The results of immunohistochemical staining and its association with clinicopathological parameters are summarized in Table 1. The E-cadherin-negative group showed more moderately/poorly differentiated cell types than the higher E-cadherin-expressing group (62.8% vs 87.5%, p=.016). High EZH2 expression was significantly correlated with nodal metastasis (p=.012). In the subgroup composed of only oral cavity tumors, the expression of vimentin was associated with a higher tumor stage (T stage [vimentin negative/positive]; T1 (10/5), T2 (14/5), T3 (2/0), T4 (0/4), p=.027).
Association of the overall survival with the expression levels of E-cadherin, vimentin, and EZH2
The association between vimentin, E-cadherin, EZH2 expression and clinicohistologic parameters with survival rate was evaluated by Cox proportional hazard model. Comparing the clinicohistologic parameters, pathologic tumor stage (odds ratio, 2.541; p<.001), pathologic nodal stage (odds ratio, 2.043; p=.009), TMN stage (odds ratio, 2.233; p=.006), extracapsular extension (odds ratio, 1.982; p=.045), and margin status (odds ratio, 2.956; p<.001) were shown to be significantly associated with survival rate. No significant differences were found for sex, alcohol consumption, smoking history, and histologic differentiation of tumors. Furthermore, the expression of E-cadherin, vimentin, and EZH2 was not significantly associated with overall survival. However, in an analysis according to primary tumor site subgroups, the loss of E-cadherin was associated with lower overall survival in oropharyngeal and hypopharyngeal tumors (p=.001 and p=.038, respectively) (Fig. 2).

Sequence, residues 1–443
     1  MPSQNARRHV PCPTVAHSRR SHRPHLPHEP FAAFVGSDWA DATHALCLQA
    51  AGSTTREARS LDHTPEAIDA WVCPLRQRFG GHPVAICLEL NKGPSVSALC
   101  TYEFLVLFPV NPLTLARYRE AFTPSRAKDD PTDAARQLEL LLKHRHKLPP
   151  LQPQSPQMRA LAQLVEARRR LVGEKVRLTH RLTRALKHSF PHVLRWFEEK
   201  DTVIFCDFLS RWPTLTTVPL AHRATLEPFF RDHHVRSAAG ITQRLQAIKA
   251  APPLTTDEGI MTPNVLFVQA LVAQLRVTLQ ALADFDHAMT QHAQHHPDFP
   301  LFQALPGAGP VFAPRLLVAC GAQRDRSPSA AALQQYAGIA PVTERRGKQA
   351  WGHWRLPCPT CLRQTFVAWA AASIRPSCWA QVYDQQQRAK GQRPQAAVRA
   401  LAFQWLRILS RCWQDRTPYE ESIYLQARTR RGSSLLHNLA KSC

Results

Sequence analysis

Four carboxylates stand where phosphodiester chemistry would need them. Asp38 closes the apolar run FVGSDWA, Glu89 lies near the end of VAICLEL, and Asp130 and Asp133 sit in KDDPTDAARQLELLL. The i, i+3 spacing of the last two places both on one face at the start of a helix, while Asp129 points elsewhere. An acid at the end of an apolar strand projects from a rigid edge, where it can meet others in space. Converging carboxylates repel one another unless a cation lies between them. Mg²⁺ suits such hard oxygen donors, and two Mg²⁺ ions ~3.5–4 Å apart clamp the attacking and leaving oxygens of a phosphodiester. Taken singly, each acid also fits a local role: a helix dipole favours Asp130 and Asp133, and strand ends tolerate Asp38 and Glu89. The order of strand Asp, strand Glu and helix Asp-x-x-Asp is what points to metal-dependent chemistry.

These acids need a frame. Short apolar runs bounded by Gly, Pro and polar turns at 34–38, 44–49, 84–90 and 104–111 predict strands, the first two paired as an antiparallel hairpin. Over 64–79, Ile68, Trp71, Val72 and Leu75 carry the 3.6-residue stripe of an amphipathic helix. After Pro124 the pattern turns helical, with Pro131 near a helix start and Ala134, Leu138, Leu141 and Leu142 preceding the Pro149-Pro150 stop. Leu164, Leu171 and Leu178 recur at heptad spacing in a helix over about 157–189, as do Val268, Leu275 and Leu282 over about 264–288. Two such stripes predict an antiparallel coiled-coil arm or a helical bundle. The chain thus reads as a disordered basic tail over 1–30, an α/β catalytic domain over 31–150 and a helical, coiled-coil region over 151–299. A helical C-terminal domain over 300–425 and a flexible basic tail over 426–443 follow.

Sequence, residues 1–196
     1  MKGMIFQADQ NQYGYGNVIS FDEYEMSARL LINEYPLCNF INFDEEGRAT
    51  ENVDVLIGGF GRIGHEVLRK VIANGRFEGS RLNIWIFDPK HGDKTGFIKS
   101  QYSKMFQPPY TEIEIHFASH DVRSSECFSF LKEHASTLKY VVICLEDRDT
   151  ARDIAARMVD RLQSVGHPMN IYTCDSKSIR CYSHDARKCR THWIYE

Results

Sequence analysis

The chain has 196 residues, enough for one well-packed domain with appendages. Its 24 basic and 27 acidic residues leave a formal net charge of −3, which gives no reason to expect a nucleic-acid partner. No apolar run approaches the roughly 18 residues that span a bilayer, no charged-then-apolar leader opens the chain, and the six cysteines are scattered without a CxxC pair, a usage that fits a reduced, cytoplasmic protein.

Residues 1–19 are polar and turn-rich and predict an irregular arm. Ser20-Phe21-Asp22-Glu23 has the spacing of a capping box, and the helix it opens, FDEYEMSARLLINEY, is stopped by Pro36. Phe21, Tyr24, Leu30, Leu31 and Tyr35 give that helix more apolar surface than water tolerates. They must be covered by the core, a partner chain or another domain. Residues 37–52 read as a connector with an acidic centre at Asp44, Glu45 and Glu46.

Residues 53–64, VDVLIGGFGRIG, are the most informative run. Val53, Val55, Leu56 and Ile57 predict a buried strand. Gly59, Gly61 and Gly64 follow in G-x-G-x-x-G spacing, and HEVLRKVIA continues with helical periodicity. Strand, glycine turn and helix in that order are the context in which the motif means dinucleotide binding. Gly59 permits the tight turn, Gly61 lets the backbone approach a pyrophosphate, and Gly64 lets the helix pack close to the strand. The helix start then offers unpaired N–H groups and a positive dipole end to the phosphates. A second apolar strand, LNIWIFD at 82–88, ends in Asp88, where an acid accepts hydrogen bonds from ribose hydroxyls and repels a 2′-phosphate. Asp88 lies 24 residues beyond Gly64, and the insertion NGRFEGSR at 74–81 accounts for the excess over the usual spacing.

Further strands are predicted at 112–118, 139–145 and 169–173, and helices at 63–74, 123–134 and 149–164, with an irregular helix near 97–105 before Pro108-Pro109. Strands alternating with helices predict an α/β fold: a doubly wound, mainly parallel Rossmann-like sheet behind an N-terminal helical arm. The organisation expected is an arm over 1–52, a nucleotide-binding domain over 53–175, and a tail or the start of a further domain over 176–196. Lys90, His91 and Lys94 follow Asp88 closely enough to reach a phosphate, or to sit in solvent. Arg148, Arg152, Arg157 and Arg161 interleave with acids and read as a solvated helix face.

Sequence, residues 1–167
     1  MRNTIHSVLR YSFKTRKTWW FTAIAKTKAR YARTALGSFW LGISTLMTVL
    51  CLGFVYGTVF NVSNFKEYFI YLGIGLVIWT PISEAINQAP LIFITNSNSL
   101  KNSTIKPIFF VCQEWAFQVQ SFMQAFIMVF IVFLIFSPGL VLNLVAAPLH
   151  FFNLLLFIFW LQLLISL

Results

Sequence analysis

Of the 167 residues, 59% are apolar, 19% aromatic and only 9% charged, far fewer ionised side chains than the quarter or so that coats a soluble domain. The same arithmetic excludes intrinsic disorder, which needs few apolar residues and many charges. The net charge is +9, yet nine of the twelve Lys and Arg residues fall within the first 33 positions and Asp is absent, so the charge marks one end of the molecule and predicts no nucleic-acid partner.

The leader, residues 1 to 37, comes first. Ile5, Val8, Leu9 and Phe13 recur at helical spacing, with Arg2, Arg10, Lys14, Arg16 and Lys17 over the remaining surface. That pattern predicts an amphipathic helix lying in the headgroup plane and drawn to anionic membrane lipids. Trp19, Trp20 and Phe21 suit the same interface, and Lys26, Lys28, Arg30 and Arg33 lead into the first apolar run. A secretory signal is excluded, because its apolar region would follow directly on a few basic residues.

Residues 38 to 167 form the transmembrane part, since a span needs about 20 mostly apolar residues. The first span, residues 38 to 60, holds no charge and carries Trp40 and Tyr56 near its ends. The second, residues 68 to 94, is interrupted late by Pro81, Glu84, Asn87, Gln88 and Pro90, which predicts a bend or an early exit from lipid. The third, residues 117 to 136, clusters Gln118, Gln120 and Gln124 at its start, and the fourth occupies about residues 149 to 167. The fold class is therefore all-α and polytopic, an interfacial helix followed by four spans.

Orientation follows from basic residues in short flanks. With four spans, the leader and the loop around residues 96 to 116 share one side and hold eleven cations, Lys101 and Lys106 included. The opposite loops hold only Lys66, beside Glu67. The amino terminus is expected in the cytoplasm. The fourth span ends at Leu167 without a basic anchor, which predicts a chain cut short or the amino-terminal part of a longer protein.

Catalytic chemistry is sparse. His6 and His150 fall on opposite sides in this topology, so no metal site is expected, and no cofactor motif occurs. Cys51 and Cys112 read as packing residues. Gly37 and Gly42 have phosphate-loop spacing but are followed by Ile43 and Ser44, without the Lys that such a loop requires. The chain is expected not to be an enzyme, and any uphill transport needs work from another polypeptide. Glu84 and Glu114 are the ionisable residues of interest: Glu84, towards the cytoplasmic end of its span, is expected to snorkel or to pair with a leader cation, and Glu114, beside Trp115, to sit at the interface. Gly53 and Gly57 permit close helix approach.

The expression of p16 and EMT-associated protein in oropharyngeal cancer
In the oropharynx tumor group, the recurrence rate was significantly higher than that in the E-cadherin-negative group (loss, 2/4 [50%]; E-cadherin-expressing group, 1/18 [5.6%]; p=.019). Twenty-nine cases of all 118 HNSCC showed overexpression of EZH2, especially in the oropharynx tumor group (41.4%, p=.002). HPV infection is a well-known biomarker in oropharyngeal squamous cell carcinoma. In our study, expression of p16, a well-known surrogate marker in oropharyngeal cancer, was found in 14 of 22 cases of oropharynx cancer. In these patients, the rate of EZH2 expression according to p16 status was not statistically different (p=.225). However there was no recurrence in any of the p16-positive cases. In contrast, three of eight cases (37.5%) showed recurrence in the p16-negative group. The difference in the recurrence ratio was statically significant (p=.014). Oropharyngeal squamous cell carcinoma patients who had a smoking history showed more frequent, but not statistically significant differences in, EZH2 expression compared patients who had never smoked (72.7% vs 36.3%, p=.094).